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Hypothyroidism in Children


The thyroid gland is a butterfly-shaped endocrine gland that is located in the lower front of the neck, just above the collarbone. The thyroid’s job is to make thyroid hormones, which are released into the blood and then carried to every tissue in the body. In children, thyroid hormone helps to ensure that growth and development occur normally and that the body’s energy, metabolism, heart, muscles, and other organs are working properly.

Hypothyroidism is thyroid hormone deficiency.

In children, hypothyroidism can be present at birth (a condition called congenital hypothyroidism) or it can develop later in childhood. When the thyroid gland stops working despite being normal in the newborn period it is called ‘acquired’ hypothyroidism.

Causes of Hypothyroidism in Children

The most common cause of hypothyroidism in children is a family history of the disease. Children whose parents, grandparents, or siblings have hypothyroidism are at a higher risk for thyroid disease. This is also true if there’s a family history of immune problems that impact the thyroid.

Autoimmune conditions, such as Graves’ disease or Hashimoto’s thyroiditis, more commonly appear during puberty. These thyroid conditions more frequently affect girls than boys.

Other common causes of hypothyroidism in children include:

  • not enough iodine in a child’s diet
  • being born with a nonfunctional thyroid or without a thyroid gland (also called congenital hypothyroidism)
  • improper treatment of a mother’s thyroid disease during pregnancy
  • abnormal pituitary gland

Symptoms of hypothyroidism

There are no signs or symptoms that are unique to hypothyroidism. Also, because the condition can develop slowly over many years, the symptoms may be less noticeable or ignored.

  • Two important symptoms in children are:
  • Slowing of height – an important early sign of hypothyroidism in children and
  • Pubertal development that may be delayed in adolescents.

An important finding on physical exam is an enlarged thyroid, also called a goiter

Other hypothyroid symptoms may include:

  • Fatigue (being more tired than expected)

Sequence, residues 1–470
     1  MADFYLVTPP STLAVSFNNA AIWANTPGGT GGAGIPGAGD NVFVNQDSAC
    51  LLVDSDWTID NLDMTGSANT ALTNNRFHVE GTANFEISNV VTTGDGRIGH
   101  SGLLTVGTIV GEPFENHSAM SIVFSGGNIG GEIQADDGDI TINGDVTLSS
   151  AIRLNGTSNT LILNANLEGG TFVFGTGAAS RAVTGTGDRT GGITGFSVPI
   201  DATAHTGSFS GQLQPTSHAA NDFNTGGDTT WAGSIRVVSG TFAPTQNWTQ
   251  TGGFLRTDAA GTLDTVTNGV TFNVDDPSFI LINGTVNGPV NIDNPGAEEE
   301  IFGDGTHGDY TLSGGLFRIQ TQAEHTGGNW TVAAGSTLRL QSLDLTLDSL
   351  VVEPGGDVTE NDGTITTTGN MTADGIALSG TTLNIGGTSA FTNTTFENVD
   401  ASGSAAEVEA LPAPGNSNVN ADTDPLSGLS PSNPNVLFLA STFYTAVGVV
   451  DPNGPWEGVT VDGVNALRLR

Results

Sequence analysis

• Constipation
  • Increased sensitivity to cold
  • Dry skin
  • Dry and brittle hair (more in the shower, on brush, clothing and bedding)
  • Depression
  • Irregular and/or heavy menstrual periods
  • Weight gain. Hypothyroidism can slow metabolism, but most people do not gain excess weight only because of low thyroid hormone.

Because the symptoms are so variable and nonspecific (may be caused by things other than the thyroid), the only way to know for sure whether a child or teenager has hypothyroidism is to perform a blood test.

How to Diagnosis?

The diagnosis of hypothyroidism is made with a blood test for two hormones:

  • TSH (thyroid-stimulating hormone) is the most sensitive test for hypothyroidism. TSH is made in the pituitary, a gland at the base of the brain that controls our hormone system. If the thyroid gland is not working, the pituitary releases more TSH to try to get the thyroid to make more thyroid hormones (T3 and T4). Less commonly, the thyroid may be normal and it is the pituitary that cannot make enough TSH. This is called ‘central’ hypothyroidism and may be caused by medications, illness, a brain injury or a mass/tumor near the pituitary.
  • T4 levels measure the amount of the thyroid hormone thyroxine (T4) that is in the blood. Often this test will measure the level of “free T4” (abbreviated FT4). FT4 is the form that is not attached to a protein and can enter and affect the body’s cells.
  • Thyroid auto-antibodies – the immune system makes antibodies against thyroid proteins (called thyroid peroxidase or TPO) and the antibody levels may be measured to confirm the diagnosis of Hashimoto’s. Many patients who have thyroid autoantibodies continue to have normal thyroid hormone levels. In this situation, it may be hard to predict if and/or when the person will need thyroid medication.

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